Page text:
Covering instructions for the ‘hall and staircase’, including which doors are to be kept closed, where the coats should be taken and when the curtains should be drawn, the letter reaches a section headed ‘wine’: ‘At supper…a good supply of champagne all over the table. No champagne before supper and as little wine, as possible, of any sort, before supper’. Gin punch to be kept ‘in ice under the table all the evening [to be given] only to myself or Mr Lemon’.
The famously fraught relationship with his wife Catherine, who bore him ten children but with whom he eventually separated, emerges in a letter (dated January 1 1848), referring to her miscarriage: ‘a miscarriage, in short, coming on, suddenly, in the railway carriage…obliged to call in a famous doctor. She seemed quite well until this morning, when she was again taken violently ill – another famous Doctor called in’. Catherine had already given birth to seven children and would birth the couple three more.
Commenting on their separation in 1858, Dickens writes ‘When I was young I made a miserable mistake, that is all’ (April 8 1860). There is also a letter (September 16 1857) to the mother of Ellen Ternan, the woman whose relationship with Dickens led to his separation from Catherine.
The collection also includes artworks, among them a delicate drawing in chalk and pastels by Samuel Laurence, which was thought to be lost and a collection of 40 beautifully-designed playbills, including very rare notices for private performances at Dickens’s home.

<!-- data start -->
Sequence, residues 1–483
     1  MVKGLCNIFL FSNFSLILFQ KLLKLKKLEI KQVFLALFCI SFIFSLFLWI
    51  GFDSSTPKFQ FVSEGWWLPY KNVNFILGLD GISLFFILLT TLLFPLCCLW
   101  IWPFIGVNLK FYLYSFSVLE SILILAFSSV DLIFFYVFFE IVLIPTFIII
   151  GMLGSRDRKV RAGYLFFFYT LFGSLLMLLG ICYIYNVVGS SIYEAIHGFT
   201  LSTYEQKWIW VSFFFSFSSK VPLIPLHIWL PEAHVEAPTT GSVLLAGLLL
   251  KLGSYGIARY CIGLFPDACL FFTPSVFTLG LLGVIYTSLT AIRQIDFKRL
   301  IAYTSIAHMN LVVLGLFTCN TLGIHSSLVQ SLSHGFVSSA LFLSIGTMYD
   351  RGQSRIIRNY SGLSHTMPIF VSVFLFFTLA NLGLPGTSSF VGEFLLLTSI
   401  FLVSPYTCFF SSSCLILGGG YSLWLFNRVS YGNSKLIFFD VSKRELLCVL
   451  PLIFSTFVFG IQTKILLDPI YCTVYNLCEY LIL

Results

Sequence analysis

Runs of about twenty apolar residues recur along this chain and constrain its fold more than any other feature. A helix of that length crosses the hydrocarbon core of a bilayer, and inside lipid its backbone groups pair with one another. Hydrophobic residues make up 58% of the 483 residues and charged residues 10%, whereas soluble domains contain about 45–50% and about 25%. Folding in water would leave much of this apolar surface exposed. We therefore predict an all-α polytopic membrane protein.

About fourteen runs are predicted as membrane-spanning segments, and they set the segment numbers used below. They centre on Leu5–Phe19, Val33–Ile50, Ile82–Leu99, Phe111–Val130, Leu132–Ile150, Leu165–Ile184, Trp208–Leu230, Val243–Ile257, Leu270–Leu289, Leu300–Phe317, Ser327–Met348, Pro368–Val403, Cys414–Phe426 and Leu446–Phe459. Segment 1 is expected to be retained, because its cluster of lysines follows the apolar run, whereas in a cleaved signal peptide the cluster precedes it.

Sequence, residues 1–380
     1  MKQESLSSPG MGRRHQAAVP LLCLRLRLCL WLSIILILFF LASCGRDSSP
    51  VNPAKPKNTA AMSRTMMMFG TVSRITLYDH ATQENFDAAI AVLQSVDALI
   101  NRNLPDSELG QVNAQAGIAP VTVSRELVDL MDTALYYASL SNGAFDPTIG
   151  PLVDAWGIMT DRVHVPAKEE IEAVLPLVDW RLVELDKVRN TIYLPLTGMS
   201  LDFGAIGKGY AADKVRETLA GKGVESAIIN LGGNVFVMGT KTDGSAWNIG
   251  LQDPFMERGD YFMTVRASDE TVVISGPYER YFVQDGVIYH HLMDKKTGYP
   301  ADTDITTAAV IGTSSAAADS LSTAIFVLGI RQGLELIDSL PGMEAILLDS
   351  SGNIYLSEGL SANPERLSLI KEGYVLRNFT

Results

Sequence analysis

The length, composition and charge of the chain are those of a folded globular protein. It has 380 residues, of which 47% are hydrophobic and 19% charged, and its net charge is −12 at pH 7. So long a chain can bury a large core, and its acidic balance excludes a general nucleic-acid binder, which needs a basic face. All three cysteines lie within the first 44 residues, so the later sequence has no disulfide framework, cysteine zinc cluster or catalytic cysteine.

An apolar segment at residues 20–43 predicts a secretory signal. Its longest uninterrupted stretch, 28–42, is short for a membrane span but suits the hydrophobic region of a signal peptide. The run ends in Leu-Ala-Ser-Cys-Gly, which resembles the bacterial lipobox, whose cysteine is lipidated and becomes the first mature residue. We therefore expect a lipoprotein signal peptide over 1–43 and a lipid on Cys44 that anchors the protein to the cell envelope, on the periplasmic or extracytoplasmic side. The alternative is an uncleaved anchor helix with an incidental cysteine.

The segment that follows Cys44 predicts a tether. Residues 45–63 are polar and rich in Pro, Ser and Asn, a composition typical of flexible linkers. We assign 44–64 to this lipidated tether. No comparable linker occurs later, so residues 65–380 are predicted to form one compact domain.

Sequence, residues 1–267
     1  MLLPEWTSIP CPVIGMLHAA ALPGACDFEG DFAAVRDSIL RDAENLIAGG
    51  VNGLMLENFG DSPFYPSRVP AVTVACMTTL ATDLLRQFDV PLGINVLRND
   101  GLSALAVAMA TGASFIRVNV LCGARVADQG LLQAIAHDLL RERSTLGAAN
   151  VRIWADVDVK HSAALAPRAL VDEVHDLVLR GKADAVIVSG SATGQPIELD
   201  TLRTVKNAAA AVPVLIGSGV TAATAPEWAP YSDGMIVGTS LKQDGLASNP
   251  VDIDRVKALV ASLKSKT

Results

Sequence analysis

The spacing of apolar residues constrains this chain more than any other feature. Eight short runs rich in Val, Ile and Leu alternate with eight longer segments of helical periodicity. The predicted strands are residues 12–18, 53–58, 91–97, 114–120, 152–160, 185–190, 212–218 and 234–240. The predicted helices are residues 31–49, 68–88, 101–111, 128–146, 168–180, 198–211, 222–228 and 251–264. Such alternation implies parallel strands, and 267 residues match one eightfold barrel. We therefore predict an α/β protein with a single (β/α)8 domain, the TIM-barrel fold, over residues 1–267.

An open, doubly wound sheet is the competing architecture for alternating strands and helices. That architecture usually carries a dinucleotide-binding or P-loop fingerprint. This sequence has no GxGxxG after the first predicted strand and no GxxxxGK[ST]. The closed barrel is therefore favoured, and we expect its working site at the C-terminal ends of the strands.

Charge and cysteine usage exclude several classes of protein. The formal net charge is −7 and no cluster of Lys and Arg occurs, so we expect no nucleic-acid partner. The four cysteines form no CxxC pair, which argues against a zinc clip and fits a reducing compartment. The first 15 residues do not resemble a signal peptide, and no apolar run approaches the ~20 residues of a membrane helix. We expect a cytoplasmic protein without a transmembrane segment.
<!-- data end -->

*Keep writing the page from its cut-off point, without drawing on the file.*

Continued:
A set of household account books from Gad’s Hill Place, Dickens’ Kent country retreat and later home, begins in April 1866 in Dickens’s hand but is completed shortly after his death by his sister-in-law and housekeeper, Georgina Hogarth, with the touching words: ‘So ends the dear Gad’s Hill Housekeeping August 1 1870.’
Mark Dickens, Chair of the Board of the Charles Dickens Museum said: “As the great-great-grandson of Charles Dickens, it is an honour to represent the Museum at a highly significant moment in its history. The Museum already holds an impressive collection of Dickens-related material, and this quite staggering material brings us even closer to the man himself, his character, feelings, family and friends.”
The acquisition has been made possible by a grant of £1.22m from the National Heritage Memorial Fund, together with substantial contributions from Art Fund, Friends of the National Libraries and the Dickens Fellowship, totalling £1.8m.
Charles Dickens Museum
London, Greater London
Number 48 Doughty Street is the only remaining London home of eminent Victorian author Charles Dickens. Dickens described the terraced Georgian dwelling as 'my house in town' and resided here from 1837 until 1839 with his wife and young family. Two of his daughters were born here, his sister-in-law Mary…